Jurisdiction - Australia
Australia – Gender Equality Reporting Legislation Passes Senate.

29 November, 2012


Legal News & Analysis – Asia Pacific – Australia – Labour & Employment


In brief


  • In our Employment Alert dated 13 August 2012 we reported on the proposed changes to equal employment opportunity reporting requirements for employers.
  • The Equal Opportunity for Women in the Workplace Amendment Act 2012 was passed in the Senate on 22 November 2012 and is now awaiting royal assent.
  • The current Act, Equal Opportunity for Women in the Workplace Act 1999 (Cth), will become the Workplace Gender Equality Act 2012 and transitional changes will apply to employers due to report in the current reporting year.


Key changes for employers


The reporting requirements will continue to apply to non-public sector employers with 100 or more employees (or with 80 or more employees if the organisation has previously reported). There will no longer be an exemption for employers with demonstrated achievement.


1. The current requirement to develop and report on a “workplace program” in relation to specified employment matters is removed and replaced with a requirement to provide information in relation to the new gender equality indicators. Significantly, employers will need to provide information on the following gender equality indicators:


  • gender composition of the workforce;
  • gender composition of governing bodies (including boards of directors and committees of management);
  • equal remuneration between women and men; and
  • the availability of flexible working arrangements and arrangements supporting employees with family or caring responsibilities.


2. The rebadged Workplace Gender Equality Agency will be able to publish employer reports, including on its website.


3. Employers must provide access to reports to shareholders and employees and notify relevant unions of the report.


4. Over the next two years the Minister will set industry-specific minimum standards in relation to the gender equality indicators.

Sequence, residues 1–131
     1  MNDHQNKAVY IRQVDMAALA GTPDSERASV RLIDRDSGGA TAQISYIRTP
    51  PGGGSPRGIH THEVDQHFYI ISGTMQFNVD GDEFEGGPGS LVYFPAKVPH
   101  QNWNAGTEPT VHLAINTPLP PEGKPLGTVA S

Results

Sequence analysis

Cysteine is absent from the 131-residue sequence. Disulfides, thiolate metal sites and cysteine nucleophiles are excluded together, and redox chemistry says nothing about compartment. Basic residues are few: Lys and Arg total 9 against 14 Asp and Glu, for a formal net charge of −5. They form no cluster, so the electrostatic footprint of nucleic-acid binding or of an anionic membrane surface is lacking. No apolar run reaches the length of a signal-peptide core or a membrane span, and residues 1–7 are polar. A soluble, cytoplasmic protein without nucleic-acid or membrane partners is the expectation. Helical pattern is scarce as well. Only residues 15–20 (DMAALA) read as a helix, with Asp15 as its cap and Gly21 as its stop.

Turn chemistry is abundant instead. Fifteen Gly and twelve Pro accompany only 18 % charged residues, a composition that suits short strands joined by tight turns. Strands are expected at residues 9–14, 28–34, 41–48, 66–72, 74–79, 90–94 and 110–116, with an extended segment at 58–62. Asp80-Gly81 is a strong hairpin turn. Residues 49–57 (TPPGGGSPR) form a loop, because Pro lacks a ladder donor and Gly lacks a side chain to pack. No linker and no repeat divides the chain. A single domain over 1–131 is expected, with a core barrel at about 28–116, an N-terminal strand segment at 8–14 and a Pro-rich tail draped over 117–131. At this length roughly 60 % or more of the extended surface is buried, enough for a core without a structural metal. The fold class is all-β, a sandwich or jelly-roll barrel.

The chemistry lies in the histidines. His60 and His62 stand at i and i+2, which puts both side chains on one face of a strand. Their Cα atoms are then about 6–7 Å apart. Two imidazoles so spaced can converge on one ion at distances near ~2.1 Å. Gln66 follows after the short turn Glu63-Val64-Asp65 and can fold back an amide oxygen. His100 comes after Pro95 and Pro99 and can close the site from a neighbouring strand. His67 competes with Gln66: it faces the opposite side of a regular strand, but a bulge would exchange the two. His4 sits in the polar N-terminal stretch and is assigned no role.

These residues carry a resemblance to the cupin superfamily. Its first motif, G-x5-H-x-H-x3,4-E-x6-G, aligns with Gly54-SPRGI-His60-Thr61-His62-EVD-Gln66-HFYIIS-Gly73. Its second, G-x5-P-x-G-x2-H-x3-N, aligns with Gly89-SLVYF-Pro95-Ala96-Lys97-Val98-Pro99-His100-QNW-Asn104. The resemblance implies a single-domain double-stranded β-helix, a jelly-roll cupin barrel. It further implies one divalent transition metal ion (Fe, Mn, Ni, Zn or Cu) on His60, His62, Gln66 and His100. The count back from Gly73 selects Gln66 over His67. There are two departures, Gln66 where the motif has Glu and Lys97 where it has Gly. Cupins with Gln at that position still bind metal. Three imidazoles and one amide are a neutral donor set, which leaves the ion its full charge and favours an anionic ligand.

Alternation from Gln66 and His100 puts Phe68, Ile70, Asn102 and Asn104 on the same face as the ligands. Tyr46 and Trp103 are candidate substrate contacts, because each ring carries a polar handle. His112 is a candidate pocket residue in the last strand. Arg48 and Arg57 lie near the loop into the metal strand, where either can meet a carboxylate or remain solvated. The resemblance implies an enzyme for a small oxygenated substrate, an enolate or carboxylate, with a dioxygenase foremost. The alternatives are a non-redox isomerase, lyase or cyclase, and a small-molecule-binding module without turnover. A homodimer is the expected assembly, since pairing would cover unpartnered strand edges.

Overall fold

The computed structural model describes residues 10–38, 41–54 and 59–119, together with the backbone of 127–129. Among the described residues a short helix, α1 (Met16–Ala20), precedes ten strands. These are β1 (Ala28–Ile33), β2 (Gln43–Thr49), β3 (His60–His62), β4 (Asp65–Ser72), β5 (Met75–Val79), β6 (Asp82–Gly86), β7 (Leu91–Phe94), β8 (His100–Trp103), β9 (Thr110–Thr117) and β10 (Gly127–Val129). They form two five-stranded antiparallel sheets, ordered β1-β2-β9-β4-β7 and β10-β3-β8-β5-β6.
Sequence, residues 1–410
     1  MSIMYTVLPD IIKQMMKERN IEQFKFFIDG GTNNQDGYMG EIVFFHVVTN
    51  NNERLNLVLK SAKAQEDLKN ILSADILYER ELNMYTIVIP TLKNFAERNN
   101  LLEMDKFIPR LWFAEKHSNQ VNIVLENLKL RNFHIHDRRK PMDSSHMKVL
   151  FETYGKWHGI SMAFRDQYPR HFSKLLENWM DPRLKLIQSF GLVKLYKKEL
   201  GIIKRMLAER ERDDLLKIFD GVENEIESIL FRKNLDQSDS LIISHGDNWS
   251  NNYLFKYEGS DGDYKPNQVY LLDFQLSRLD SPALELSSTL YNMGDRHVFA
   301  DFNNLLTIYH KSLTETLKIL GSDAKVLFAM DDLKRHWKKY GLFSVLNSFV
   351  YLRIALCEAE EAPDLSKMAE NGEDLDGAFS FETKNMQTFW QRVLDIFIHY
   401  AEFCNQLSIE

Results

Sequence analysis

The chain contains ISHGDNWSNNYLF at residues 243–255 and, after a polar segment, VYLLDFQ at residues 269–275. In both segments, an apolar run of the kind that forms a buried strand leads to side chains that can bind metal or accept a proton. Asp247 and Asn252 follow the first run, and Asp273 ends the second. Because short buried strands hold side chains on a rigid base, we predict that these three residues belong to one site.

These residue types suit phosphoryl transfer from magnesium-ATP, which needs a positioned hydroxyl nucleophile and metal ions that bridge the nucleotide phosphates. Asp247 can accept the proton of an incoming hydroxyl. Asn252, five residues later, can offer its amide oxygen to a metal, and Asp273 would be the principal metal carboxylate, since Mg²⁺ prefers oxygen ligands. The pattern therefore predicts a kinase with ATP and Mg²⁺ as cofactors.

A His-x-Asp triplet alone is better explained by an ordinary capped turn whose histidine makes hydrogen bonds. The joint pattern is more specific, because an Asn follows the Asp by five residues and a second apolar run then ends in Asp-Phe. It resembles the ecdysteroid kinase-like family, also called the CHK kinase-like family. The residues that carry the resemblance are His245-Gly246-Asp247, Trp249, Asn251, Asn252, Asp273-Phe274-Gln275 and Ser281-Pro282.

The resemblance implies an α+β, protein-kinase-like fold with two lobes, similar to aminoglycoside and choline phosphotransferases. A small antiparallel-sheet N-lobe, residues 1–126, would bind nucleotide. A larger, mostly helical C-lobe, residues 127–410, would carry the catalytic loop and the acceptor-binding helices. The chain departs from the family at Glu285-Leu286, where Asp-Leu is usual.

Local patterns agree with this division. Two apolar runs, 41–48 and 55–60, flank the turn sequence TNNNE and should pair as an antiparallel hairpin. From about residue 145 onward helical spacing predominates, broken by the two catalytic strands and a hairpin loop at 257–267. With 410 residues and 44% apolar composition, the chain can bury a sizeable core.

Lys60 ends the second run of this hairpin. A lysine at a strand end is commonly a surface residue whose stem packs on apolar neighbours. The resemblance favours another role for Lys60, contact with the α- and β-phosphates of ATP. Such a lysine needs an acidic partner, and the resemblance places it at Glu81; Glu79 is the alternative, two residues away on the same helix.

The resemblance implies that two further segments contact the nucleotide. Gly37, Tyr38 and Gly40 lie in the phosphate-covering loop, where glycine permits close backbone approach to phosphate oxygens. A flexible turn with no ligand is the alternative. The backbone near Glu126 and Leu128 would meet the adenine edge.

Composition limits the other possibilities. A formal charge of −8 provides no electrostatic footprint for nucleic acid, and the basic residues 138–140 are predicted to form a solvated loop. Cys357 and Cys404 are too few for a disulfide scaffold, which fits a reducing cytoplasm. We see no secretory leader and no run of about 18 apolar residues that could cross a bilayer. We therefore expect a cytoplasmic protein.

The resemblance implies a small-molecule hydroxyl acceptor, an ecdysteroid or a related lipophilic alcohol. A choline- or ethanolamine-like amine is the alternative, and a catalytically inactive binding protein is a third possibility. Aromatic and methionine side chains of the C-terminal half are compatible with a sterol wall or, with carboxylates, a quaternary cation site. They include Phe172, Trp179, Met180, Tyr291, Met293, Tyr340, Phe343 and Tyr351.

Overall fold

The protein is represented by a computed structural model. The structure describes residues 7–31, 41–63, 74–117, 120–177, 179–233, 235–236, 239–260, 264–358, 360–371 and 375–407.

5. A failure by an employer to improve against minimum standards over two reporting periods can be a failure to comply with the Act. Consequences for non-compliance include public naming and potential restrictions on eligibility for Commonwealth grants or contracts.




Reporting period 1 April 2012 to 31 March 2013:


  • Employers are to lodge a report which sets out the employer’s “workplace profile” only. Access must be provided to employees and shareholders and unions are to be notified.
  • Consequences for non-compliance will commence from this reporting period. 


Reporting period 1 April 2013 to 31 March 2014:


  • Employers are to report on the gender equality indicators, but minimum standards will not yet apply.


Reporting period 1 April 2014 to 31 March 2015:


  • Employers must report on the gender equality indicators and comply with minimum standards. The full consequences of non-compliance with the new Act will be applicable.


Next steps


A number of our clients have expressed public support for this legislation, recognising that it is attempting to address longstanding issues concerning gender equity.


Getting the reporting requirements right, and making progress on each of the gender equality indicators in a systemic way, is the next step for employers who are considering their compliance obligations.



For further information, please contact:

Michael Tamvakologos, Partner, Ashurst



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